For the first season of the partnership between the Giants and the Eugene Emeralds, the Giants sent three first round picks there to open the season. That did not work out nearly as well as anyone had hoped, but Eugene ended up home to a ton of prospect emergences and ended with the team winning the High-A West’s championship.
2020 1st round pick Patrick Bailey was one of the team’s highlights, but Bailey struggled in his first pro assignment. Bailey hit only .185/.290/.296 and struck out 43 times in 135 at-bats in his time at Eugene, dealing with some back stiffness. Bailey stayed in Eugene through late June, when he was sent to extended Spring Training, and briefly in the ACL. Though Bailey would eventually go to Low-A San Jose and do well with a .322/.415/.531 batting line, he’ll have to prove he can perform well at High-A in 2022.
Meanwhile, things were even worse for 2019 1st round pick Hunter Bishop. Bishop got into three games before shoulder problems sidelined him, and he never returned to Eugene. Bishop would eventually get into a total of just 16 games, 11 of which were down in the ACL (not including the Arizona Fall League), but 2021 ended up a second lost season for Bishop after 2020.
The team’s other 2019 1st round pick, acquired via trade, had the best season of the three, though it wasn’t ideal either. Will Wilson hit .251/.339/.497 over 49 games in Eugene, which isn’t the most overwhelming offensive season, but still had a solid .837 OPS even without a high batting average. Wilson got an early July promotion to Richmond, but struggled to a .189/.281/.306 batting line in 51 games, and wilted at the end of his first full season.
One other top prospect was Seth Corry, one of the system’s top starting pitcher prospects going into the season, after he showed improved control in Augusta in 2019. The season was a nightmare, as Corry struggled to a 5.99 ERA, and walked 63 in 67.2 innings, after he walked just 58 in 122.2 innings. Corry was given a break after three months at the end of July, but came back to Eugene throwing four shortened starts (two innings apiece, generally), where he looked better, allowing three hits and four walks to 11 strikeouts in 8.1 innings.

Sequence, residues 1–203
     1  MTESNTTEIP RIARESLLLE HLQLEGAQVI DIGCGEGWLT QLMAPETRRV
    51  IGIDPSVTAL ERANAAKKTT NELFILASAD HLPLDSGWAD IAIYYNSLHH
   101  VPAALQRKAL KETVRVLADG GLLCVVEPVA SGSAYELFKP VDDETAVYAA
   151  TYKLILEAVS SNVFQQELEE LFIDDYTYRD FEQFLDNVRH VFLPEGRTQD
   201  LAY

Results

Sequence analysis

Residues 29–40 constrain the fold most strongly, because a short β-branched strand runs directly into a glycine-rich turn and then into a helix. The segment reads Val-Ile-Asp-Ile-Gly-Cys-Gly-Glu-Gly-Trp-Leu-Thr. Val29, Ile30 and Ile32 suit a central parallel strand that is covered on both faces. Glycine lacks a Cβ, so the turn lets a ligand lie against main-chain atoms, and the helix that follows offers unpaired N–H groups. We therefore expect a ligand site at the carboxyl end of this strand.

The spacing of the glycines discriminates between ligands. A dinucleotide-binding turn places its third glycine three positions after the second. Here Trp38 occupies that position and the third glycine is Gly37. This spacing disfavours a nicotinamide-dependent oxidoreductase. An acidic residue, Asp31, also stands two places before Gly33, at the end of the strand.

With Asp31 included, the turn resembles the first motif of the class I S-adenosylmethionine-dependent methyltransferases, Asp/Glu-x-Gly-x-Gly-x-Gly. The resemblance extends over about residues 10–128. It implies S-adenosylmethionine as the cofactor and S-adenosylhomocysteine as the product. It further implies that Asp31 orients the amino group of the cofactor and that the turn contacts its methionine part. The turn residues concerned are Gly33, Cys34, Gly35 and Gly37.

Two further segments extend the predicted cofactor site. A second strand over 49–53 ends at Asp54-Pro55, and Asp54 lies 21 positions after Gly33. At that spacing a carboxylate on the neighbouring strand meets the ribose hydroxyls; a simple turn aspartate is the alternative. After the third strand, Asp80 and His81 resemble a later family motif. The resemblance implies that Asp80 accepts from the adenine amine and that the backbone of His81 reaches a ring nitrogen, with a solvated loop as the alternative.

21-year old Diego Rincones was in his fifth season with the Giants (not including the missing 2020 season), starting the season with an 8-game hitting streak and really established himself with a .300/.385/.533 batting line across 25 games, interrupted by time with the Venezuelan Olympic team in June. In the end, Rincones’ time at Eugene looks short in the books, but it was huge statement in establishing himself as an offensive outfielder. He was promoted to Double-A, where he hit .290/.373/.505 in Richmond.
Another outfielder stuck around all season, and came on strong late int he season. Ismael Munguia finished the season with a .336/.366/.502 line, powered by a ridiculous August batting line (.523/523/.818 over ten games) and September (.447/.449/.681 over 11 games), though he drew zero walks over those 21 games. Still, Munguia had only one subpar month overall, and he showed increase power, hitting nine home runs after never hitting more than one in a season in any of his previous four. The center fielder’s hustle and positivity could lead to an increased role for himself.
A couple of pitchers emerged in just short times at Eugene before getting promoted. 22-year old R.J. Dabovich worked in relief in just 11 games, but absolutely dominated, with 28 strikeouts to six walks in 12.2 innings, and just two hits allowed (both home runs). By mid-June, Richmond was calling for Dabovich, which challenged him more, but he still ended the year with 62 strikeouts to 13 walks in 32.1 innings overall. Starter Caleb Kilian, an 8th round pick in 2019, was also amazing in his first four starts at Eugene, with a 1.25 ERA and 32 strikeouts to one walk in 21.2 innings. He was quickly promoted to Double-A Richmond, and ended up traded to the Chicago Cubs in the Kris Bryant trade.